A bankruptcy court judge on Thursday officially gave the green light on the sale of Forever 21 to a trio of investors — two of which are the retailer’s top landlords.
Simon Property Group, Brookfield Property Partners and Authentic Brands Group will pay $81 million for the company. The deal means Forever 21’s founding family, the Changs, have given up ownership after almost 35 years running the global discount fashion retailer.
David Simon, CEO of the mall owner, said during an earnings call earlier this month that the investor group planned to keep Forever 21’s remaining stores and website open. Simon Property and Brookfield are among Forever 21’s top unsecured creditors. He added the purchase provided an opportunity to reposition the retailer.
Forever 21, Simon, Brookfield and ABG did not immediately respond to requests for comment on Thursday.
The sale came after Forever 21 recently canceled a proposed auction of the company amid Chapter 11 bankruptcy proceedings after the company failed to secure other bids aside from the trio’s offer.
A bankruptcy court judge earlier this week indicated that he would sign an order approving the sale, which would keep about 25,000 jobs, Bloomberg reported.
But some of Forever 21’s creditors had concerns about the rapid pace of the sale, including that another unidentified buyer — that tried to get together another bid but was unable to land the financing — needed more time, according to the outlet.
“I think the fact that they weren’t able to get any other bidders, even through an auction process, is indicative of the fact that this is not necessarily inherently a company that, as far as its own economics are concerned, is worth saving,” said Steven Wilamowsky, a bankruptcy attorney and partner at Schiff Hardin in New York.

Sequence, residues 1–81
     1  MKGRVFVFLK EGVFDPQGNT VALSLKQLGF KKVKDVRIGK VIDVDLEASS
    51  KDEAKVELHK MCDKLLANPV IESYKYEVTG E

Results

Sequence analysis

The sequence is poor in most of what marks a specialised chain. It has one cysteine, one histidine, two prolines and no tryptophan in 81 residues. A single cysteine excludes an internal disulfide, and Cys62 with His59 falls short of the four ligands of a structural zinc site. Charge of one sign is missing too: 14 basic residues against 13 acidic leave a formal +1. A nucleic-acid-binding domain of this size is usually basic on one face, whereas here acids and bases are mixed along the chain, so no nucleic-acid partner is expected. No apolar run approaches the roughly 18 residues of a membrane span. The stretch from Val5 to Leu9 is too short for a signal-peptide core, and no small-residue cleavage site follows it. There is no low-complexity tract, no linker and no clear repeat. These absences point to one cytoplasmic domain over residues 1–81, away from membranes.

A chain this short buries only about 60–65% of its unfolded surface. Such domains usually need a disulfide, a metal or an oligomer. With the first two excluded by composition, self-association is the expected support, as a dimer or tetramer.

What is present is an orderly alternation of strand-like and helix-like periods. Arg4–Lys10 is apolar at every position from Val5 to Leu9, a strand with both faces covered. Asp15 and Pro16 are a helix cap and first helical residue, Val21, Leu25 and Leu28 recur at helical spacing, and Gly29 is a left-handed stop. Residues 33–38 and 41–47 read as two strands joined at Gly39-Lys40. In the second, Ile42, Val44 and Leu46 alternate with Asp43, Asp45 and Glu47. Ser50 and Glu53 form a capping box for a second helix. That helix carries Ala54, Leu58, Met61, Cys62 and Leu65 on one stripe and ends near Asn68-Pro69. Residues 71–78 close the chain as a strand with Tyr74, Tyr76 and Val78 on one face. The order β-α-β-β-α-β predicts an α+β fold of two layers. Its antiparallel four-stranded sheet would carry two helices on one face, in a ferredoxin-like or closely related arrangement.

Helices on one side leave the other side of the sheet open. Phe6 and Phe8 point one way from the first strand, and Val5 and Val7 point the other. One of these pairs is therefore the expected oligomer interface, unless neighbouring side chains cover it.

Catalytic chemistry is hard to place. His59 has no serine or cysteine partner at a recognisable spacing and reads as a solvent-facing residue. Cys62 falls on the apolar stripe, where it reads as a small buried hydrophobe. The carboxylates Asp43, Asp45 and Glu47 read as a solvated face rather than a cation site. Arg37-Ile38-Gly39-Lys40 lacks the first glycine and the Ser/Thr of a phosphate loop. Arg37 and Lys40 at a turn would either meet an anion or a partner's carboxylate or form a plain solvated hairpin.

Eric Schiffer, CEO of private equity firm Patriarch Organization, which invests in e-commerce and Internet-based companies and tracks the retail space closely, said the $81 million price tag makes sense given the challenges the retailer faced.
“There’s an argument it’s even too much,” he said. [Do] you see anyone else stepping up? It’s like the plague and the only ones that are stepping up have a vested interest in doing it — and that’s rent and past rent.”
During his firm’s earnings call, Simon said rent was not the sole focus when it agreed to take over Forever 21. He cited Simon’s recent turnaround of another retailer, Aeropostale, as part of Simon’s motivation to undertake a deal. “Forever 21 is a storied and … widely recognized brand with over $2 billion in global sales,” he said. “We believe F21, similar to Aero, presents a very interesting repositioning opportunity.”
Following a wave of store closures and bankrutpcies that has racked retail real estate over the past several years, Forever 21 filed for bankruptcy in September and at the time said it would shutter 178 stores.
The company, which sells discounted fast-fashion apparel to young adults and teens, grew from its founding in Los Angeles in the 1980s to at one point generating $4.1 billion in annual sales from its global footprint of stores.
But that rapid expansion had a price: “The biggest issues that [Forever 21] had historically was that it took its eye off the ball, primarily because of the international growth,” Simon said during the earnings call.
Meanwhile, the transaction marks the second retailer takeover for ABG, a brand merchandiser. Last fall, ABG bought bankrupt department store Barneys New York. But for Barneys and its employees, the result of the acquisition has been more sobering: After the deal went through, ABG began to liquidate Barneys’ stores and lay off employees.
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